Top 10 Things Never to Say to Your Female Pastor

Top 10 Things Never to Say to Your Female Pastor July 31, 2017

So your church has a pastor – who just happens to be female.  Congratulations!  Given that many denominations and individual churches still do not allow females to be ordained clergy, the fact that your church has accepted a female pastor is cause for celebration.

female clergy clip art.1

Inadvertent sexism

But despite your best efforts to be supportive of your female pastor, it’s likely that some in your church (and maybe even you yourself) have said or done things that have been hurtful, undermined her authority, or subtly cast aspersions on her leadership.  After 17 years as an ordained Lutheran (ELCA) minister, and as a seminary professor mentoring female students, I’ve learned that women in ministry face challenges that are different than their male colleagues.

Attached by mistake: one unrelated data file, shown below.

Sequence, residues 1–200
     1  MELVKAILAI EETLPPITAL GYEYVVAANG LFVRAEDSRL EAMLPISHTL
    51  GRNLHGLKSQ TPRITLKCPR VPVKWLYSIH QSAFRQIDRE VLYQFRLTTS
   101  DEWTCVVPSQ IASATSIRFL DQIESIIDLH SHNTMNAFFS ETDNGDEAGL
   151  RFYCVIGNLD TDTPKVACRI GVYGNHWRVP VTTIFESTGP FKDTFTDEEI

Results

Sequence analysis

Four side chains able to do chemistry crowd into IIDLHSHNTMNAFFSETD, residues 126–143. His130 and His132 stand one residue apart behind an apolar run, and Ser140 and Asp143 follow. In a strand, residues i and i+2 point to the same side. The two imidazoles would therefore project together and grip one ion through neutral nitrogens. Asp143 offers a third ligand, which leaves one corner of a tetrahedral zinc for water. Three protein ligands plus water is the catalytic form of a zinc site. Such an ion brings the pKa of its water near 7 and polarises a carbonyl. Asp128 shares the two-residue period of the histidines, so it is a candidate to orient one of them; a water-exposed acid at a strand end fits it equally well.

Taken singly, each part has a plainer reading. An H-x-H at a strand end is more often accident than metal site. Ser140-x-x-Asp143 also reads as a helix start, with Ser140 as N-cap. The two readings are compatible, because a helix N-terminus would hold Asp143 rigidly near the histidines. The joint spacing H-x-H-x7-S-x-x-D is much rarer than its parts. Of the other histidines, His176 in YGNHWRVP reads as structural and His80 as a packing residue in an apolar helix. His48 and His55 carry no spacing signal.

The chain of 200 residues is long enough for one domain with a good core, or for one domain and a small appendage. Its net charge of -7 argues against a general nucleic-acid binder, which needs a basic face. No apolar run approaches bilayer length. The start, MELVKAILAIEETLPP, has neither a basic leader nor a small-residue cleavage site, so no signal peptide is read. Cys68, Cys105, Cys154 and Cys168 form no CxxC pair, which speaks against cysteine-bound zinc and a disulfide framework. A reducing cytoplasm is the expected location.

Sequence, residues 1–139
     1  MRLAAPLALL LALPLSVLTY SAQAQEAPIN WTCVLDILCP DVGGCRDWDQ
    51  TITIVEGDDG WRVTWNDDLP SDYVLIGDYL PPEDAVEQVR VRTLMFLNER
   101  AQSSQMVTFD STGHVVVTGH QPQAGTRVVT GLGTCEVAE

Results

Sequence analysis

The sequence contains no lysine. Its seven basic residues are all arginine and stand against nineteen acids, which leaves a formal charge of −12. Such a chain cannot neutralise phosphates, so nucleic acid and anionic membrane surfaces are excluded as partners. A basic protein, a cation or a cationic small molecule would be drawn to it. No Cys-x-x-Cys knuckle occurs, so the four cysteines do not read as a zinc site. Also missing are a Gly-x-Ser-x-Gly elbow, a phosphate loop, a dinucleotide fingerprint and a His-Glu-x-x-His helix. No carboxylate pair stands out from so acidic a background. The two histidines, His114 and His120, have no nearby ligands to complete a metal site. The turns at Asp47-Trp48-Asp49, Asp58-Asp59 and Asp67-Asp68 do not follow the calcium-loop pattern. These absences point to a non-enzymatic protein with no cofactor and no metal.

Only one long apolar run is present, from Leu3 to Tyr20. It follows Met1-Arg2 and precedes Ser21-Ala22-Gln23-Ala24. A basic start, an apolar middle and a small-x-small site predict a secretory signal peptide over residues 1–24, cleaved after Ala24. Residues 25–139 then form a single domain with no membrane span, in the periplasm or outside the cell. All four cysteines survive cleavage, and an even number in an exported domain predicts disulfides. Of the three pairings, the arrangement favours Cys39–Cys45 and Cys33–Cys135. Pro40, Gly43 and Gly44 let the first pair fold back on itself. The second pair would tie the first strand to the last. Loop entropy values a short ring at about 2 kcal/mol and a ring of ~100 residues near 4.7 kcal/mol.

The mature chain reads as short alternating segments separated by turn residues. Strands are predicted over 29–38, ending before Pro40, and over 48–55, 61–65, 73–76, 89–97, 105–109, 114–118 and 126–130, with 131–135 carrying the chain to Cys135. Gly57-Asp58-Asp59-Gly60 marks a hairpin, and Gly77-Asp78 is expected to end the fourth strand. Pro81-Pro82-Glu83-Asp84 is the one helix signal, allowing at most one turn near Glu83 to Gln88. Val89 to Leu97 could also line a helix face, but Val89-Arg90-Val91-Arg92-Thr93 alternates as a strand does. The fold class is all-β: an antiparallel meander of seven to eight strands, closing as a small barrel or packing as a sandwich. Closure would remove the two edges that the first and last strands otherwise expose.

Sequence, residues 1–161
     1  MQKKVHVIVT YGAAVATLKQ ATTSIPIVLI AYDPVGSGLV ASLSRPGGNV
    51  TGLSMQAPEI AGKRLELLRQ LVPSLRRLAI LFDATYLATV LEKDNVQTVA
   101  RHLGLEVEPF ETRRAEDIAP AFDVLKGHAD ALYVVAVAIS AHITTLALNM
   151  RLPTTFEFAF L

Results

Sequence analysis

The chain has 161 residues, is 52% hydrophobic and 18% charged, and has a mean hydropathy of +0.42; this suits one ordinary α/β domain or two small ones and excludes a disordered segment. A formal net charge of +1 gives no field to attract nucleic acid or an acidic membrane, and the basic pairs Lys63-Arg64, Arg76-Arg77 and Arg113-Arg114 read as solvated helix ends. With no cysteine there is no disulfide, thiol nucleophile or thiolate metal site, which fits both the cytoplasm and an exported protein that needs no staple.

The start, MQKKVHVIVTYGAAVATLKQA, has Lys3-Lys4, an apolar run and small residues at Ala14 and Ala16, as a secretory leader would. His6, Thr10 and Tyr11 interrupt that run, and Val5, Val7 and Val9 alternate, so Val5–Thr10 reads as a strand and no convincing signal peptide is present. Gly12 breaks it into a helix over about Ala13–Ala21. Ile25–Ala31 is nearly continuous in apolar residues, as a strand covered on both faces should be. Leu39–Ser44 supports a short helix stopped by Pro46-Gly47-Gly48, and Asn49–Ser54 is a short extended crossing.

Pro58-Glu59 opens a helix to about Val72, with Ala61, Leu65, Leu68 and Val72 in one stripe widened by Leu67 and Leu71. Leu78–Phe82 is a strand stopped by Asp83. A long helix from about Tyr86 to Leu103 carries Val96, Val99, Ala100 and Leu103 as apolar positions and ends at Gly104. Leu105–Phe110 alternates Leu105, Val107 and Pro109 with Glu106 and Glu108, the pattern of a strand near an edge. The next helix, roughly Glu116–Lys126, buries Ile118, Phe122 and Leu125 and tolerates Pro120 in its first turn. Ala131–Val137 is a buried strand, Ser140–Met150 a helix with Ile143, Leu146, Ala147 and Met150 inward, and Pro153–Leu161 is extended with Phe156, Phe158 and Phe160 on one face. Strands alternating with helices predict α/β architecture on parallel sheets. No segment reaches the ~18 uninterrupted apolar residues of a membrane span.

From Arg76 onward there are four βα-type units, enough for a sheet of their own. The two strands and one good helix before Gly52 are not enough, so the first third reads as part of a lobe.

So I began asking: What are some of the sexist things parishioners have said or done to you as a female in ministry? Maybe they were not intending to be sexist. Maybe they actually thought they were complimenting you or “helping” you by giving you “feedback.” But what they said left you feeling uncomfortable, annoyed, or even angry.

Here is what they shared:

  • “For such a tiny little woman, you have a lot of energy!”
  • On first meeting me: “Are you married? What does your husband think about this?”
  • “You are the prettiest pastor I’ve ever met.”
  • You are “articulate and attractive” said my ex-senior…as compared, of course, to my male associate who is “brilliant, intelligent.” I’m thinking I should have been a TV anchor instead of a pastor!
  • “You should be wearing stockings or pantyhose.” (And I am in robe down to mid-calf.)
  • After worship and I had taken off my robe, I was helping a woman get into the chair lift to leave the building. One of the elder men came up to me and said, “From this angle, I can see what you’re all about in your dress.”
  • 90% of what was said to me as a pastor involved my attire. “That’s not how a minister should dress,” and that sort of thing. My personal favorite was, “First we hire a woman and then she wears pants!”
  • I’ve been told that maybe I should wait until after my kids leave the house to pursue ordination.